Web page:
Bible Diary November for 11th – 17thBible Diary
32nd Sunday in Ordinary Time
St. Martin of Tours
1st Reading: 1 K 17:10-16:
So Elijah went to Zarephath. On reaching the gate of the town, he saw a widow gathering sticks. He called to her and said, “Bring me a little water in a vessel that I may drink.” As she was going to bring it, he called after her and said, “Bring me also a piece of bread.” But she answered, “As Yahweh your God lives, I have no bread left, but only a handful of flour in a jar and a little oil in a jug. I am just now gathering some sticks so that I may go in and prepare something for myself and my son to eat — and die.”
Elijah then said to her, “Do not be afraid. Go, and do as you have said. But first make me a little cake of it and bring it to me. Then make some for yourself and your son. For this is the word of Yahweh, the God of Israel, ‘The jar of meal shall not be emptied nor shall the jug of oil fail, until the day when Yahweh sends rain to the earth.” So she went and did as Elijah told her; and she had food for herself, Elijah and her son from that day on. The jar of flour was not emptied nor did the jug of oil fail, in accordance with what Yahweh had said through Elijah.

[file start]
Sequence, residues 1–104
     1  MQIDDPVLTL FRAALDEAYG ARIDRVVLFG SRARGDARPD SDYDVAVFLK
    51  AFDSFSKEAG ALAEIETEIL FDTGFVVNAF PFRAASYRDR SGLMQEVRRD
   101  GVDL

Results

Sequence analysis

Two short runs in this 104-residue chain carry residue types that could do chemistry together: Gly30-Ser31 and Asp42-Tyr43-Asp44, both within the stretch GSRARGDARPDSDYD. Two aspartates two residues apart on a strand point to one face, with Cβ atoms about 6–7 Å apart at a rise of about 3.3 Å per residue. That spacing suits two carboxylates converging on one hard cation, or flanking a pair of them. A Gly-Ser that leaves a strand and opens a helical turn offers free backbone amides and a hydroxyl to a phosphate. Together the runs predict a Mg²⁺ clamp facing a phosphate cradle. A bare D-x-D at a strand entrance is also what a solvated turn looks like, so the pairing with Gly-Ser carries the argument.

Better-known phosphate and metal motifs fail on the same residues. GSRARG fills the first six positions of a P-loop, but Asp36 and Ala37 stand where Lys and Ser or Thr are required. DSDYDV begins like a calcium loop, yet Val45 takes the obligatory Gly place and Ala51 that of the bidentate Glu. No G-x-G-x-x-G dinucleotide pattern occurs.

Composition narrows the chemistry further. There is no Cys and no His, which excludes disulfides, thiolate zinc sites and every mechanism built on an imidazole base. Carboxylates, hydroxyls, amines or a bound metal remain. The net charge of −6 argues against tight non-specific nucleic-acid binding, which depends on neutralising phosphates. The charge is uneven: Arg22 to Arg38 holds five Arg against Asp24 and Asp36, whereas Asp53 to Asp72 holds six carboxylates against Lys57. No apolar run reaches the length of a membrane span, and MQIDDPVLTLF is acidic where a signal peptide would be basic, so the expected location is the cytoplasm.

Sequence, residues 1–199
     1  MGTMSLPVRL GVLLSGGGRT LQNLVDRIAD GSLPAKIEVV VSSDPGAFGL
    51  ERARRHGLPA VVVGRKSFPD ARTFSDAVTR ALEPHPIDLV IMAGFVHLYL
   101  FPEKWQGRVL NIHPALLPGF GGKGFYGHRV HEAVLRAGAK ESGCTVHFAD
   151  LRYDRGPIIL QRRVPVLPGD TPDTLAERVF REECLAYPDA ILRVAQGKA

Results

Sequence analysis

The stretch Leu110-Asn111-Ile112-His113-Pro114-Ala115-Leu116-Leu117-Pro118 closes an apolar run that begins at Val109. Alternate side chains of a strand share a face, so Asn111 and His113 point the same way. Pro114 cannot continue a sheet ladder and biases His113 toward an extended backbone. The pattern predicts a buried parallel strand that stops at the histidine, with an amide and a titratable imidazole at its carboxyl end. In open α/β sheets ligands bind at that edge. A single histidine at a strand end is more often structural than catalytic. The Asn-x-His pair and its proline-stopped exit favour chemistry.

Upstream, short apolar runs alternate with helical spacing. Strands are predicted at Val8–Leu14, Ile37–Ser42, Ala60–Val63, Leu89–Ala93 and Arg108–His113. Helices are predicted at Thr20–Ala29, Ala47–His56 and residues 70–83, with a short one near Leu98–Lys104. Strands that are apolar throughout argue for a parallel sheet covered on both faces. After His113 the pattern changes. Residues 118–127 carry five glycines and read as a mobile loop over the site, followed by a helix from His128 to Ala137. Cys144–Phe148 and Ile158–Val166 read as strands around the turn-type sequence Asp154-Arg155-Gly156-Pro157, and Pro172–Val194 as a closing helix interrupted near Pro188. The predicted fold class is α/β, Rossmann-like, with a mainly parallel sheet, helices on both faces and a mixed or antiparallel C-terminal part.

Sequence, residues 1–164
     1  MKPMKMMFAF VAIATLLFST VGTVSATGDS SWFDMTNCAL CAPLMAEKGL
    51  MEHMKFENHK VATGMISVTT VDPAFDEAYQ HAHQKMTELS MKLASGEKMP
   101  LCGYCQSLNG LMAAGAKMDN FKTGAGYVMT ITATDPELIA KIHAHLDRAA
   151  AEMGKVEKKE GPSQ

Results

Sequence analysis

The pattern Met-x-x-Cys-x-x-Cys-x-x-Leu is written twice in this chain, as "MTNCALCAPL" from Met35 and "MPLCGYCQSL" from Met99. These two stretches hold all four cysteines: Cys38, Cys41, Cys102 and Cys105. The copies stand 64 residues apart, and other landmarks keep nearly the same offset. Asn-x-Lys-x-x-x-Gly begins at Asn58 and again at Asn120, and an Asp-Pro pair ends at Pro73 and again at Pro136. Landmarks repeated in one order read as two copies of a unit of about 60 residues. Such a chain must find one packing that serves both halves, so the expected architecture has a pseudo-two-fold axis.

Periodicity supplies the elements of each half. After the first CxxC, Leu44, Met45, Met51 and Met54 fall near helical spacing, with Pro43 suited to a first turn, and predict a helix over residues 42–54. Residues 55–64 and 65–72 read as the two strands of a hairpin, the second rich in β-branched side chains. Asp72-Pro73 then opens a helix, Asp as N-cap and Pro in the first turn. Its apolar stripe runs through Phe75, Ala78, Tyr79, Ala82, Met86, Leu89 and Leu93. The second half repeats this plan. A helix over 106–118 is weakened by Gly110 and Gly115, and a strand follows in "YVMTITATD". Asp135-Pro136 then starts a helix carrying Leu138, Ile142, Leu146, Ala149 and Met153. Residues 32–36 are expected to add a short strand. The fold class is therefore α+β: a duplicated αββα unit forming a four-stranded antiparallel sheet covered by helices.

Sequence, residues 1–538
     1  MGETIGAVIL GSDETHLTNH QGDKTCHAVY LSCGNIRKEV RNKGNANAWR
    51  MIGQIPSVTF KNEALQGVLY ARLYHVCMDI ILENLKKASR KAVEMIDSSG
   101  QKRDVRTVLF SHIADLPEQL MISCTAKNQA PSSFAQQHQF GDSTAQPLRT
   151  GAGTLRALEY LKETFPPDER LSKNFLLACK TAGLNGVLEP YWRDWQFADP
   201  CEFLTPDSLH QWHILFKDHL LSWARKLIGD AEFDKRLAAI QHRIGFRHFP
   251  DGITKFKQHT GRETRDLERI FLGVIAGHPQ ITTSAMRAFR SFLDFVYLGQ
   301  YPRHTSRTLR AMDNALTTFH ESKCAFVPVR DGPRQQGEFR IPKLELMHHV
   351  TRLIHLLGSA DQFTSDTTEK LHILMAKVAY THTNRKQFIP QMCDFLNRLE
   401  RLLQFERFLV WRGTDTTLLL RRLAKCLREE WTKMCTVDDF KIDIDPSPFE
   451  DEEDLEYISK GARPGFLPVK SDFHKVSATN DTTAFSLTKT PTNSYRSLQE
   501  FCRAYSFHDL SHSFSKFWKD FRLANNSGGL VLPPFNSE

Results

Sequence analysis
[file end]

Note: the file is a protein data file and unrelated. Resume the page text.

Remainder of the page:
2nd Reading: Heb 9:24-28:
Christ did not enter some sanctuary made by hands, a copy of the true one, but heaven itself. He is now in the presence of God, on our behalf. He had not to offer himself many times, as the high priest does: he, who may return every year, because the blood is not his own. Otherwise, he would have suffered many times from the creation of the world. But no; he manifested himself only now, at the end of the ages, to take away sin by sacrifice, and, as humans die only once, and afterward are judged, in the same way, Christ sacrificed himself, once to take away the sins of the multitude. There will be no further question of sin, when he comes again, to save those waiting for him.
Gospel: Mk 12:38-44: